"Things You Wouldn't Know If We Didn't Blog Intermittently."
There's an entire class of ships which are designed to carry other ships as cargo. Many of these are "flo/flo" or "float-on/ float-off" ships. They are also known as semi-submergible ships since they take on water until their main deck is below the water line, so cargos can be floated onto them. They're commonly used to carry oversized cargos, of things like disabled other ships needing to be transported for repair, but which shouldn't be towed, or very oversized loads such as large oil platforms. It's very common for these large ships to be used to carry multiple smaller ships, such as numbers of sail boats, or smaller vessels being delivered. Here's one being used to deliver a number of pleasure boats http://www.boatbookings.com/blog/2011/01/31/dyt-meets-growing-demand-for-luxury-yacht-transport-in-the-south-pacific/Here's another carrying a variety of smaller shipshttp://www.hazegray.org/worldnav/usa/images/ak2062.jpg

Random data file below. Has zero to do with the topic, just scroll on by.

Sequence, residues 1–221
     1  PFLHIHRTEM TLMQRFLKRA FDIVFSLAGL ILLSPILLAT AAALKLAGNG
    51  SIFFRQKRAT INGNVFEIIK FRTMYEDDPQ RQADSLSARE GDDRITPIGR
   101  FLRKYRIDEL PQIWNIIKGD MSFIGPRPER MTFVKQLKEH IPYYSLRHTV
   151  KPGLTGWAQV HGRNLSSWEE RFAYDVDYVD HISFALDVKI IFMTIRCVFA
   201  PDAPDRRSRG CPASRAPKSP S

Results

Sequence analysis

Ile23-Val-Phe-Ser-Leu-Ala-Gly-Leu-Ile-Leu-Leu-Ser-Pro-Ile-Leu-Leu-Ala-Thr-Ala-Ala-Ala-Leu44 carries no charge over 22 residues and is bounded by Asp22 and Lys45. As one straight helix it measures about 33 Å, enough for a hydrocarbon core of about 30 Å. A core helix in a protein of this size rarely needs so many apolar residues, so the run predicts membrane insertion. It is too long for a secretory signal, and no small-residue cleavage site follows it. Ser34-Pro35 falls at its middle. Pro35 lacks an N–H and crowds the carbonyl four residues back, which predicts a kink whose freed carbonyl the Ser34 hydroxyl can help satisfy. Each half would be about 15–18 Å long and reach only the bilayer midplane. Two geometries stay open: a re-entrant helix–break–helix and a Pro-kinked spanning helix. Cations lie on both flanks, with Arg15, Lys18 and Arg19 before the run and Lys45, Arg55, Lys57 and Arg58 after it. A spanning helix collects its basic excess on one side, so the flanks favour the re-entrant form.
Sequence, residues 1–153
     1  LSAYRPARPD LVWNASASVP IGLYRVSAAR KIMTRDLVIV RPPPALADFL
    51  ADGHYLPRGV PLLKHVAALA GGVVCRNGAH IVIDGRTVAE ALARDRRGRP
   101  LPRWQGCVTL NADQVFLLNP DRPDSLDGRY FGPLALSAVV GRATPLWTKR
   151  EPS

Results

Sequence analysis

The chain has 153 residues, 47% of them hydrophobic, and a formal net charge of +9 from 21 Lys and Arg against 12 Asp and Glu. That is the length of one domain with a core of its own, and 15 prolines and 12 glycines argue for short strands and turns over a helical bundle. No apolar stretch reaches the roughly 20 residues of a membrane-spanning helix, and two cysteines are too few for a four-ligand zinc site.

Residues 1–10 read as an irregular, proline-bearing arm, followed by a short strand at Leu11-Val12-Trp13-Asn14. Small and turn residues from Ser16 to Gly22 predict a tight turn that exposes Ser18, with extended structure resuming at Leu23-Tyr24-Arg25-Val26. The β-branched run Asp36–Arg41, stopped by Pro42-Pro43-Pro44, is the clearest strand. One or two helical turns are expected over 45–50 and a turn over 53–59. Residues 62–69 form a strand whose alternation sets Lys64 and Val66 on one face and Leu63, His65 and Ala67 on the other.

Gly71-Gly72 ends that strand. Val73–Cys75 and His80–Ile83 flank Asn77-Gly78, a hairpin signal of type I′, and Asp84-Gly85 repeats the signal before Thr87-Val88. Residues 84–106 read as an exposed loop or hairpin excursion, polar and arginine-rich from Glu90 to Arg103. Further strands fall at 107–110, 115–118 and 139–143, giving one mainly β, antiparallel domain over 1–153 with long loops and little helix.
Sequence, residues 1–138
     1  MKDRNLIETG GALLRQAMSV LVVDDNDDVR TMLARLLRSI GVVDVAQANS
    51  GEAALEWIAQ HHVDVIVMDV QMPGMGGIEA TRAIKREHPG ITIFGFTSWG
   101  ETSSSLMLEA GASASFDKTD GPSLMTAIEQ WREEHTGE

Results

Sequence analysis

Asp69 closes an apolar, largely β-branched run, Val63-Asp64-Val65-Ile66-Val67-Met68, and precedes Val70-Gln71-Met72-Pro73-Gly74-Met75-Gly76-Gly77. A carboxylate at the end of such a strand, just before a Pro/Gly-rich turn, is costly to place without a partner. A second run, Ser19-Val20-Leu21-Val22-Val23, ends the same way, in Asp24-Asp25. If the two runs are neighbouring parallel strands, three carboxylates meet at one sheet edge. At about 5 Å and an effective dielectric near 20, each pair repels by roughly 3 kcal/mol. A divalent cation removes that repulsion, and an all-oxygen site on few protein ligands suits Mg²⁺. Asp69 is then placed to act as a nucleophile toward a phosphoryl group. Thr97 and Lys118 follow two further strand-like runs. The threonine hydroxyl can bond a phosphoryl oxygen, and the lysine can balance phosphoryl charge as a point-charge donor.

A vivid example of the gap between the wealthy and the not, without be sullied by the not wealthy.I am a relatively intelligent bloke with an I.Q. rating placing me in the genius echelon of humanity (for what that result is worth though, I don't know) but, even with that burden of so called smarts, I can't afford a kyack, let alone any super yacht that needs transporting across the seas.I blame my children, and the fact I had them young and actually cared for them rather than being all ambitious and money hungry.Maybe I got it wrong ?, hard to know, I seem pretty happy.I like the mechanics of ballast tanks being filled and emptied.
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I agree with William Rocket on this. It reminds me of the old definition of fox hunting as the unspeakable in search of the inedible.
It's exactly the same rationale as transporting a car by flatbed.